1. Working practices: these included supporting staff to create boundaries between their home and work lives, offering flexible working, organising regular check-ins and rolling out management training.
  2. Wellbeing initiatives: these included arranging talks, mindfulness sessions and organising social events.
  3. Interventions: these included providing HR support, offering an EAP and finding local counsellors who could support colleagues if required.

“It’s a holistic approach and we’re not done, we’ll keep building on that and thinking, ‘what’s working well and what isn’t?’.”

It’s a sign that, as a firm, we care

Mairi Day of Digby Brown was last to speak and revealed some of the steps the Scottish law firm has taken to support the wellbeing of colleagues.

As with the experience described by Louise, Mairi noted that it was the pandemic and the changes it enforced that kick-started their organisational mental-health process.

In May 2021 they launched their mental-health initiative, entitled, ‘The Road to Supporting Your Wellbeing’. Mairi highlighted that for them this was a strategy that weaved through everything they did as a firm. From the outset they understood that it had to be more than solely an HR initiative and should instead be a collaboration with senior management, come from the top down and be led by someone in a Partner role, which in this case was Mairi herself.

“It’s not just about having an initiative with a capital I – mental health, now more than ever, is so important…but it starts with everybody, it starts with all of us, sitting at our desks being as well as we can be, and that seeps out to our teams and departments and the firm as a whole.”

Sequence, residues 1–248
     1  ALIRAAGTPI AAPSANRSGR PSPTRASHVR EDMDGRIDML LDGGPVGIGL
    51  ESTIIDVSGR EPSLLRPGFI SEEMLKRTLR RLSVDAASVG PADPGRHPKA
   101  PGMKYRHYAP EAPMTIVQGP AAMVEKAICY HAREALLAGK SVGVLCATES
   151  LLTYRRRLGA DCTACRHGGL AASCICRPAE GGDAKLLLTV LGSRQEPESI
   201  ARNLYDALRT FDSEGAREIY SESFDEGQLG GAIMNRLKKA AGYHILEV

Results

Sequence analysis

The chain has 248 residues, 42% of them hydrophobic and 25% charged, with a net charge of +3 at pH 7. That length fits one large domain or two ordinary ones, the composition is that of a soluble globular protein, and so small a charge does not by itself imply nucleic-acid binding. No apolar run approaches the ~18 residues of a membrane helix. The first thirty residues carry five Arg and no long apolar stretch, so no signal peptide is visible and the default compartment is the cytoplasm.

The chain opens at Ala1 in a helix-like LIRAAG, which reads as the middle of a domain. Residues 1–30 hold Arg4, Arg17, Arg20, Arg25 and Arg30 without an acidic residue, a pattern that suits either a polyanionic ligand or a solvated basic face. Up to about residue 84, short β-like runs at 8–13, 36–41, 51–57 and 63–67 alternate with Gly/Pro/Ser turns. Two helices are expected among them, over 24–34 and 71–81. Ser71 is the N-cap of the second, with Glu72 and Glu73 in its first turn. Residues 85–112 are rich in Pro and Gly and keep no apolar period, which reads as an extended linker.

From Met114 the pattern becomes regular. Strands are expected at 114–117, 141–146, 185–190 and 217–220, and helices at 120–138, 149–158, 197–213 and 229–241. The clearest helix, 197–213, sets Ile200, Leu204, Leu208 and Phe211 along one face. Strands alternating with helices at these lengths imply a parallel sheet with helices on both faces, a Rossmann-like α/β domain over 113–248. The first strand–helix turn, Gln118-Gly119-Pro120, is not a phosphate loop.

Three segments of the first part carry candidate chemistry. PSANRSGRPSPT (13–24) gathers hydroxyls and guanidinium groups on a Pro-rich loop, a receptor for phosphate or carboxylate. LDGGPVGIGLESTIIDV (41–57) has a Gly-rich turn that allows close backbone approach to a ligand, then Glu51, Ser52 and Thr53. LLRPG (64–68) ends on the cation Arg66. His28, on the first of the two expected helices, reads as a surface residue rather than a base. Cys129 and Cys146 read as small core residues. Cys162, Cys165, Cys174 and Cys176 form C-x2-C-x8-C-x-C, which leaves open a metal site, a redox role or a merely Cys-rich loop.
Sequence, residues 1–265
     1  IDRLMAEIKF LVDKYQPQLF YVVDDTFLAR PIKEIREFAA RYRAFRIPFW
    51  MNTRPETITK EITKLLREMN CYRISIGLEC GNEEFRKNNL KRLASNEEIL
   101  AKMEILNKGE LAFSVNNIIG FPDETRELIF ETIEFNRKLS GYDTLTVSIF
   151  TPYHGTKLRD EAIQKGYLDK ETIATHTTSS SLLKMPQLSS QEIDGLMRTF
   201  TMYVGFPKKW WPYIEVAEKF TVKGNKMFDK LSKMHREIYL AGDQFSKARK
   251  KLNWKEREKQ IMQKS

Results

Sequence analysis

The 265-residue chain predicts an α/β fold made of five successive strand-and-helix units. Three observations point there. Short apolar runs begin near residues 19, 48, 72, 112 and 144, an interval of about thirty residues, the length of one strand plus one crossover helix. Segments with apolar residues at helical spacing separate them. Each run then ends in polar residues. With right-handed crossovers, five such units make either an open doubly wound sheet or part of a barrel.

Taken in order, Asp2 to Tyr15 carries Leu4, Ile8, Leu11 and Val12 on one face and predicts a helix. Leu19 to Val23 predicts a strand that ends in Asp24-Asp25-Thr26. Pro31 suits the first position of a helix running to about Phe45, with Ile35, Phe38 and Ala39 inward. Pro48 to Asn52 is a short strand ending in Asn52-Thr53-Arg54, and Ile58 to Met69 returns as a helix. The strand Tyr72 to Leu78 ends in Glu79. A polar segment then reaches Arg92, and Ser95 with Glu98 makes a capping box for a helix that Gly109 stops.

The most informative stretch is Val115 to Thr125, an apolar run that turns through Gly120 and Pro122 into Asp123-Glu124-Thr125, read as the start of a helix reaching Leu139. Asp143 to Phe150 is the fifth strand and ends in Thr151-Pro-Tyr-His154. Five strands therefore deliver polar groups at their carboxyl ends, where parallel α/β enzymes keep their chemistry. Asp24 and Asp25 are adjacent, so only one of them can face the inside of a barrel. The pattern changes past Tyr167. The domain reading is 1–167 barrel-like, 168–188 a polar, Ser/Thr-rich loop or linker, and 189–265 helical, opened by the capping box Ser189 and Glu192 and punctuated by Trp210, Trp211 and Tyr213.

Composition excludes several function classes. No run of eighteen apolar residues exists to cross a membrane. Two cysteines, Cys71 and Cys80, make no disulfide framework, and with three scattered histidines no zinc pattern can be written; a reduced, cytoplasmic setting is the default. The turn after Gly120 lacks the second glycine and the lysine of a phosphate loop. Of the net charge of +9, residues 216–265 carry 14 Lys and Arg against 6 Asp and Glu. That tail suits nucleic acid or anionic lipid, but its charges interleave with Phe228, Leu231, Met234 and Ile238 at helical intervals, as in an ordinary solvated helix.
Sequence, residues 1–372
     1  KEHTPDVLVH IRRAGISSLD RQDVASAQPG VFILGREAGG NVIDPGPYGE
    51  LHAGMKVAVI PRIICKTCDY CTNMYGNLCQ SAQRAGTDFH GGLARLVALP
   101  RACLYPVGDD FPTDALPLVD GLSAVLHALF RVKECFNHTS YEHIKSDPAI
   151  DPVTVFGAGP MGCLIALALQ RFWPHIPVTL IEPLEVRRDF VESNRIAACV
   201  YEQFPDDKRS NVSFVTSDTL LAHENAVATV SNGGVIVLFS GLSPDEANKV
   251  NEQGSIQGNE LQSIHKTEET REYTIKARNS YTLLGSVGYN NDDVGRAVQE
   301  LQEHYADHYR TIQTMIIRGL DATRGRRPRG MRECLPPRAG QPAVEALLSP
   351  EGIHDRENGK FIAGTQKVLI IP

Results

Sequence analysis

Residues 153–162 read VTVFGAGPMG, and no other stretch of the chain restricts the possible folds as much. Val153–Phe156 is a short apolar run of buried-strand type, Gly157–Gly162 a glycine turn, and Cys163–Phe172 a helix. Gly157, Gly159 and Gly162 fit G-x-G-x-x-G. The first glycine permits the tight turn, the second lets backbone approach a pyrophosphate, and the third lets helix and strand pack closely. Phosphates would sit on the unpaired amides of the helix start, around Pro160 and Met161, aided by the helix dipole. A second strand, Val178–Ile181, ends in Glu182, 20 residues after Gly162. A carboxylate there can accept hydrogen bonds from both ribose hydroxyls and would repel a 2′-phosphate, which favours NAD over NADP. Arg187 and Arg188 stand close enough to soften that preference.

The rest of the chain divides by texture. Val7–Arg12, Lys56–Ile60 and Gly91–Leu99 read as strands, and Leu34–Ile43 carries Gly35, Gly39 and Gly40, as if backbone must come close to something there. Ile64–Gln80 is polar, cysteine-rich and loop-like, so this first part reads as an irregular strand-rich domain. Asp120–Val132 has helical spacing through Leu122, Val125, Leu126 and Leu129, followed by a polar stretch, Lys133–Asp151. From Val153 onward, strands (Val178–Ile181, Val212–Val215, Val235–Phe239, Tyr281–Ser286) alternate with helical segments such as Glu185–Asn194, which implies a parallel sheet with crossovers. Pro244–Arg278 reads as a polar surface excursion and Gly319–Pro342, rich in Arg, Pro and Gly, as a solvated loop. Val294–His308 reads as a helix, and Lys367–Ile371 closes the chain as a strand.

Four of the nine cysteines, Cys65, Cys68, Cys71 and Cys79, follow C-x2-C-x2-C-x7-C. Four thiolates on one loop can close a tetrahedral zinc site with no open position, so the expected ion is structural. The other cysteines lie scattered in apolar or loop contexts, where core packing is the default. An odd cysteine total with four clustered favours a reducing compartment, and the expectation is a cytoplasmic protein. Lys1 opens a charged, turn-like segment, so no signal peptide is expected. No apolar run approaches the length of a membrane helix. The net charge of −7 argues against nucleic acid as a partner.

Their mission statement was to make a positive difference to the mental health and wellbeing of people at Digby Brown and to get there, they set four main objectives:

  1. To have a workplace culture free from stigma and discrimination.
  2. Provision of personalised support and availability of resources.
  3. To help their people achieve good physical and mental wellbeing.
  4. To realise those benefits for the development of stronger relationships with clients and communities.

Delivering upon those objectives entailed a range of outcomes, from communications, to training, events, resources and support. Mairi discussed some of the practical examples, including providing colleagues with ‘stress boxes’, value awards for demonstration of positive behaviours, and a confidential connection line to allow people to talk at times when they feel in need of someone to listen.

Mairi closed by offering encouragement to any firm considering implementing their own plan: “It’s a very positive thing. Even just at the very start of the bud, which grows. A few people have said to me how grateful they are that we started the initiative and it’s a sign that, as a firm, we care, and that really goes a long way.”